May 23, 2024

Statement by Amb. Hadjichrysanthou at the SC – Women, Peace and Security

United Nations Security Council Open Debate “Women, Peace, and Security: towards the 25th Anniversary of Resolution 1325”   csw67-1
New York, 7 March 2023

 Madame President,

Firstly, allow me to thank you for organizing this very important debate on the eve of International Women’s Day. My statement will be complementing that of the European Union, to which we fully subscribe.

Almost 23 years have elapsed since the unanimous adoption of Security Council Resolution 1325. This was a historic moment as it was the first time the Security Council recognized the role of women in peace and security. As we come closer to the 25th Anniversary of the resolution, it is imperative to have a stock taking on what we have achieved so far, but mostly where we need to be by 2025 for the Resolution’s full implementation.

Despite positive steps and progress taken since the adoption of Resolution 1325, we are sliding back.  It is undeniable that women and girls continue to be dramatically affected by armed conflicts; their rights are violated; and they are excluded from decision making processes related to peace and security.

Furthermore, we witness the rise of conflict related violence around the world; women and girls continue to be exposed to sexual and gender-based violence – online and offline – while at the same time these acts of violence remain in many cases unpunished. In that regard, we need to step up our efforts as States. Sexual violence in conflicts cannot be addressed in isolation, nor can it be separated from the status of women and the deeply rooted inequalities afflicting them.  Perpetrators of these acts should be held accountable, and justice must prevail.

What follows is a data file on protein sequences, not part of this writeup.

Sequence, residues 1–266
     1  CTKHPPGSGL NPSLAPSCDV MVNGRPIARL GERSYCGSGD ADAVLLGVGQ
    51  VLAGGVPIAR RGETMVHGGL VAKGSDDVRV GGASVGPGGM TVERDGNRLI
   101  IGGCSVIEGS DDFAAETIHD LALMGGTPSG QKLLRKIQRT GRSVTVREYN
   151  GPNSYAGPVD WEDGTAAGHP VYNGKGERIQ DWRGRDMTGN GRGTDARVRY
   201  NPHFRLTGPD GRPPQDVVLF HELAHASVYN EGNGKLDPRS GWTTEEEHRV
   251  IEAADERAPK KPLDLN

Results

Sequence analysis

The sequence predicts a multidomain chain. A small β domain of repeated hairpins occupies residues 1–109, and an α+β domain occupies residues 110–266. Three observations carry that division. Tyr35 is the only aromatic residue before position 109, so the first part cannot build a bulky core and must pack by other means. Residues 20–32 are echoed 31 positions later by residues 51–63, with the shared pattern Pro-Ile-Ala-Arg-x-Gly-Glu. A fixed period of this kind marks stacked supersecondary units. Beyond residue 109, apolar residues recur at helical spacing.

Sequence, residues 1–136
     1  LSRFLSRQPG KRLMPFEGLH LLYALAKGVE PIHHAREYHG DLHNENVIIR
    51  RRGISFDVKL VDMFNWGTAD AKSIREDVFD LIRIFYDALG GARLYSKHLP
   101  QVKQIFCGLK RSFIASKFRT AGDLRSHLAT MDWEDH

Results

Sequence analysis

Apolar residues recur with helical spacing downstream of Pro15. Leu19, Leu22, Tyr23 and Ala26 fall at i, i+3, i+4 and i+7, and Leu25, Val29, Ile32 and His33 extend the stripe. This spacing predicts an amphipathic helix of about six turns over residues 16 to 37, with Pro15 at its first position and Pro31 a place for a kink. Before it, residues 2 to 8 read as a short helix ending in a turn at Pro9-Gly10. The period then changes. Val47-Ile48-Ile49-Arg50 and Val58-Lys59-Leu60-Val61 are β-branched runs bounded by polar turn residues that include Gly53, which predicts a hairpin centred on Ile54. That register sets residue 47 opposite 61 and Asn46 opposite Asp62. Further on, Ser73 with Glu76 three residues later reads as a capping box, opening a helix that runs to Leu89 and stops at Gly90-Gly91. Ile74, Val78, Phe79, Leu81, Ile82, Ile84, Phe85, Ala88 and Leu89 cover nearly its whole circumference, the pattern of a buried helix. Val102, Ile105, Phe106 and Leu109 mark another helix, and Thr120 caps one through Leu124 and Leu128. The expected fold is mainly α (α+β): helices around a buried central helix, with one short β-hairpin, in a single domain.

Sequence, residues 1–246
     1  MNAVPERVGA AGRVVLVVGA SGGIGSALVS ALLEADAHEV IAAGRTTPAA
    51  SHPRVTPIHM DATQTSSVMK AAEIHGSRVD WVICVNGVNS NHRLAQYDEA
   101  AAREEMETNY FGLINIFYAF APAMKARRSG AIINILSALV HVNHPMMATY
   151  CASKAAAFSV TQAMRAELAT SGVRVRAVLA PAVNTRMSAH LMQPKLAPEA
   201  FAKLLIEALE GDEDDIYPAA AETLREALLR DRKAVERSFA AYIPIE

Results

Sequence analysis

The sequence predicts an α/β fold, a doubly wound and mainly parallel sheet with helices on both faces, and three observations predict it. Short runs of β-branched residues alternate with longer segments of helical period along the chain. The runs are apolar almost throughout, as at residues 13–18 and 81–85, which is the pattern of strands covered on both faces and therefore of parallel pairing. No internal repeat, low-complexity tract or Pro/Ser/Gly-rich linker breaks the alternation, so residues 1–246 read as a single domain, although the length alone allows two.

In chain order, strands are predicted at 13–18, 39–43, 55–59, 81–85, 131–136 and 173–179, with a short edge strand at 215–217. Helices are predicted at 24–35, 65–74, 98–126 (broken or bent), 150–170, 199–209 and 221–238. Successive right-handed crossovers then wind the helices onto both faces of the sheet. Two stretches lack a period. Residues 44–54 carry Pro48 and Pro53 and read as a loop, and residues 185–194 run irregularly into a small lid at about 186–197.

It is widely recognized that women have an indispensable role to play in the Women Peace and Security agenda, especially in prevention and conflict resolution. Still, we are experiencing a gap between the adoption and the full implementation of the WPS agenda. The gloomy reality is that women are still excluded from peace processes and negotiating tables. This is detrimental to the efforts to achieve lasting peace and prosperous societies. Without the full, meaningful, and equal participation of women in decision making structures and negotiation processes, this objective risks to remain unaccomplished. In this regard, more actions are needed at the national, regional, and international level for gender mainstreaming and the inclusion of gender issues in the global agenda.

Cyprus welcomes all the 105 National Action Plans that have been adopted in relation to Resolution 1325.  Cyprus is one of these Member States since we have adopted our first National Action Plan in 2020. The action plan – to be implemented for the period 2021-2025 – consists of four pillars: dealing with women participation and empowerment; protection; prevention; and advocacy. Cyprus is determined to intensify the efforts to eliminate all forms of discrimination against women and provide equal access to opportunities, including in the peace and security agenda.

Madame President,

As we move towards the 25th anniversary of the adoption of Resolution 1325, we have a lot of challenges to overcome. It is our collective responsibility to amplify our efforts in achieving the full implementation of Resolution 1325 and to adopt gender sensitive approaches to create a more peaceful and prosperous world for all.  Now is the moment to translate our commitment to action.


Thank you